I knew the place lay nearby when I saw the exit sign loom overhead, poking through the archway of greenery covering the parkway. I nudged my car into the right lane, pulled off, and into the southernmost of the two lots.
Park and Ride, read the sign. It was a place where commuters met to carpool into New York City, thirty miles away. In the twilight, many cars were still parked along the several rows, empty of occupants. Expensive cars. I nudged my domestic model among the BMWs and Mercedes and the sporty little Italian coupes, looking for signs of life.
I found some at the lot’s far end. One man in his fifties stood near a tiny wooded area—little more than scrub and a few tree trunks, really. He wore a collared business shirt still crisp after a day’s work, its powder-blue sleeves rolled up to the elbow. His maroon tie hung loose from his neck, his top button was unbuttoned. He took a long drag on the remnants of a cigarette, let the smoke billow casually from between his lips, then dropped the butt onto a parking bumper. He ground it into dust with his leather soles. The guy wasn’t hideous, by any means, but he wasn’t attractive, either. His lips pursed out too much, and age had left layers of wrinkles around his eyes, making them look like the deep knots on some ancient, mythical tree. Natty as he was, he looked as if he smelled of old tobacco. I turned my head from him and parked my car a little down the way, between a Volvo two spaces away on the left, and a BMW three slots further on the right.
The web site hadn’t specified any particular protocol for cruising here, though it had recommended against going into the woods to carry out my business. I figured the cruising here would work like the rest stop parking area back in Michigan, during the dark hours. I turned off the car, let the radio play at a low volume, and began rubbing at my crotch in order to get a bulge rising down there.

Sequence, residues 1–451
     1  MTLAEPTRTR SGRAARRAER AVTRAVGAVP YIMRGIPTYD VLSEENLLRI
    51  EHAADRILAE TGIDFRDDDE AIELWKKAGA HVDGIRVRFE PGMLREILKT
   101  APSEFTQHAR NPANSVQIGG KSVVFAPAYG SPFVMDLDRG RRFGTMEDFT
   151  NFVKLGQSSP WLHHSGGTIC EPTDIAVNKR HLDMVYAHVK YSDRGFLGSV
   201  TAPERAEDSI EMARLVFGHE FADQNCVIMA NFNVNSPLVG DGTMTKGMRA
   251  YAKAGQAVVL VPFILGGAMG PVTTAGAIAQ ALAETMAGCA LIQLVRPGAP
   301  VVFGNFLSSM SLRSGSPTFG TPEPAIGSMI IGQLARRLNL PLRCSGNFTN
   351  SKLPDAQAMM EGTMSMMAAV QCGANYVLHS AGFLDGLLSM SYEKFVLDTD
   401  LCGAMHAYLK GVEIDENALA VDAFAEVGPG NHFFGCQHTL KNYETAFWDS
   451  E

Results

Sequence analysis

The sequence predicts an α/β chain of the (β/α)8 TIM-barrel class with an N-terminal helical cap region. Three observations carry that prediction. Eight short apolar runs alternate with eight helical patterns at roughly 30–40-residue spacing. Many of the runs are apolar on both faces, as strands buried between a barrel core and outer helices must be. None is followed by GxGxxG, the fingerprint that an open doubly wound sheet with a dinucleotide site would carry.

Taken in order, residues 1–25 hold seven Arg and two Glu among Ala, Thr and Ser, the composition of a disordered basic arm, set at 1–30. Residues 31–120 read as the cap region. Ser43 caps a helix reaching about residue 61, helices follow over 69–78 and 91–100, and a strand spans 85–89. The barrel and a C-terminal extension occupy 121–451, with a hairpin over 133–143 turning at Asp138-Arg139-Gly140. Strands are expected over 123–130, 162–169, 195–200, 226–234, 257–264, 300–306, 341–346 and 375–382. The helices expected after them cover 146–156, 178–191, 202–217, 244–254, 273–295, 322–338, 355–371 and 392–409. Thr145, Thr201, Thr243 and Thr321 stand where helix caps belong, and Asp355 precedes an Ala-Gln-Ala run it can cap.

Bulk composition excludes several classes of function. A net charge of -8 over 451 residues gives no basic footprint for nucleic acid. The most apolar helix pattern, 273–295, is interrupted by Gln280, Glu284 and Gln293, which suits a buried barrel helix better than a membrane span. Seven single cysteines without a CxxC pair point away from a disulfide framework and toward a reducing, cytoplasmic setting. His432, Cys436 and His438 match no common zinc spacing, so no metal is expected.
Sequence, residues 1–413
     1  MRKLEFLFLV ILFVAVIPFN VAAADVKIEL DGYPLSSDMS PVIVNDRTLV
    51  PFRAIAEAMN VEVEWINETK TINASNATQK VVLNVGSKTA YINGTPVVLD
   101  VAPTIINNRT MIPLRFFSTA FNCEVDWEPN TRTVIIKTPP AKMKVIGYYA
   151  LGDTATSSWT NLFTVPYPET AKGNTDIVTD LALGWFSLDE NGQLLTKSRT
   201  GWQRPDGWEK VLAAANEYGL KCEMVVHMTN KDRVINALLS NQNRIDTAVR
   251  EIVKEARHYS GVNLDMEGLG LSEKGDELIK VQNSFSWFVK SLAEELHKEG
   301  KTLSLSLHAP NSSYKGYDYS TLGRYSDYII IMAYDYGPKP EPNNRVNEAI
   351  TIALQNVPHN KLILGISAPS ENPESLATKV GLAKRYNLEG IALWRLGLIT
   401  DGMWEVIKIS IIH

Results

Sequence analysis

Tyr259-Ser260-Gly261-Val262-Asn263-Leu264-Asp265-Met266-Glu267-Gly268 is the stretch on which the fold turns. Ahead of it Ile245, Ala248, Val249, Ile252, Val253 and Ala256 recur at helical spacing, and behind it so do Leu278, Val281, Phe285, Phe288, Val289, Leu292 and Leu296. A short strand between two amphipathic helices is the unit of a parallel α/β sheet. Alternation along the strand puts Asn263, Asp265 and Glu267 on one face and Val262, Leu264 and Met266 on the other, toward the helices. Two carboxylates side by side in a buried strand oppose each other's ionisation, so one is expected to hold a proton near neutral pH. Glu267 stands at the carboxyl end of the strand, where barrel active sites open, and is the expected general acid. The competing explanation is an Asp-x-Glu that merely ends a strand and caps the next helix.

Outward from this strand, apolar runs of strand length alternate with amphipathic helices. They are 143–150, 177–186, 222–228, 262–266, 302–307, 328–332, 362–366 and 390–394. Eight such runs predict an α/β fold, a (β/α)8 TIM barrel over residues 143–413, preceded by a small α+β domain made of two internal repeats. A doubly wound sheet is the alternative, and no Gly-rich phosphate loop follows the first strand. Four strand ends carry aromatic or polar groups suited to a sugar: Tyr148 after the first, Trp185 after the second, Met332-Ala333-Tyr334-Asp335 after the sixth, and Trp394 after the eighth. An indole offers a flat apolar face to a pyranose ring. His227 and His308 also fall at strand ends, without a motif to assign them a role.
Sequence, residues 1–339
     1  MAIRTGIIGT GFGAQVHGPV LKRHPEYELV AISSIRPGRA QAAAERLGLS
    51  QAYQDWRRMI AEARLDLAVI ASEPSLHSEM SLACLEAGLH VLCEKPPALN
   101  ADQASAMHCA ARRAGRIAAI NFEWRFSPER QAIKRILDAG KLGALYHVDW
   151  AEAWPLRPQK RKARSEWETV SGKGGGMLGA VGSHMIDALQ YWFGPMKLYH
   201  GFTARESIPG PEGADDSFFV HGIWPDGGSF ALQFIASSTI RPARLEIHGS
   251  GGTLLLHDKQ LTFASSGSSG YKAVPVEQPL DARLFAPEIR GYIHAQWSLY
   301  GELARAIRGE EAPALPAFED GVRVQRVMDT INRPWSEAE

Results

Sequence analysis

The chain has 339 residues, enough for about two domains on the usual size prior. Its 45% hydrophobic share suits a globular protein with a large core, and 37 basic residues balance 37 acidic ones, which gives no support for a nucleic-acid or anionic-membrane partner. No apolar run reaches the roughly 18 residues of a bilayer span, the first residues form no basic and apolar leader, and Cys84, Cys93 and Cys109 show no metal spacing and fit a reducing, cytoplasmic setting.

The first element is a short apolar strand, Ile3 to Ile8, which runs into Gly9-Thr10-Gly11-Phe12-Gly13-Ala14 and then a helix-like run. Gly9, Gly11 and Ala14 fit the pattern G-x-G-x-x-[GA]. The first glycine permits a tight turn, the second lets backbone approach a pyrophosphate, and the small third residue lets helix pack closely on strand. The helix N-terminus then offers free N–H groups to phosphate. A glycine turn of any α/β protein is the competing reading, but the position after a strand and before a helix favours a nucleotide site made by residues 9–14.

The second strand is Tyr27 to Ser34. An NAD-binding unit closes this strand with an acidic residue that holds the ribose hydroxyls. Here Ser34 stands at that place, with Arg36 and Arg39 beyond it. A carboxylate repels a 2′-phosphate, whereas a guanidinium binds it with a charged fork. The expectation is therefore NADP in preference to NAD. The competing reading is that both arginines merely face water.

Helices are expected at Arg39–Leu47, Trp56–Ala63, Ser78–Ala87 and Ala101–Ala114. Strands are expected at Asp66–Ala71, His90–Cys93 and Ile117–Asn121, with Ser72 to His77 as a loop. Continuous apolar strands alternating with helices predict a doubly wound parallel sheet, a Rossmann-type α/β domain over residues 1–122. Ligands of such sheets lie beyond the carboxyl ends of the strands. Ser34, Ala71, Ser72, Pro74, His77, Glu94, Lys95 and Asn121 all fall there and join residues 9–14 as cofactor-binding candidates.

In the BMW to my right sat a surprisingly young guy, no more than twenty-one or twenty-two. He had the large, broad features and the wide-brushed eyebrows of a middle eastern man; the skin on his jaw, though smooth, seemed as if it might sprout into ten o’clock shadow at any moment. He looked my way in a not-looking kind of way; his eyes danced over and past mine, only locking into my gaze on the return trip. He nodded slightly.
I nodded back, as the bulge in my shorts grew from forced to genuine.
The Volvo had someone sitting in it as well, a handsome guy in his forties sporting a precision haircut and a wedding ring. He, too, wore a crisp business shirt and a tie. I could see his jacket slung over the passenger seat. He pretended to be looking at his phone, but his glance was fixed on the man in the woods. Only occasionally did he divert his attention my way, and then only to see if I was remaining in my car, or what my intentions might be.
The businessman in the woods wasn’t very patient—or subtle. Another cigarette already smoldering between his fingers, he used one hand to cup his generous package, squeezing it for anyone who could see. His neck craned over the parking lot. Like him, I turned my head to discern which other cars might have men in them. There were several, all parked in our general vicinity. I could make out shadows of other heads turning, silhouettes of figures waiting in the twilight for something to happen.
I didn’t do anything that night; I didn’t get out of my car and insinuate myself into someone else’s vehicle with a smile and a false excuse of needing directions. I didn’t wander into the woods, or take a stroll to see what eyes followed me. I sat in the car, and watched for twenty minutes, getting the lay of the land. And then I drove away, leaving behind the expensive vehicles and the desperate businessman still patrolling, Cerebus-like, the entrance to the woods.
Park and Ride. I parked. Maybe soon I’ll take a ride.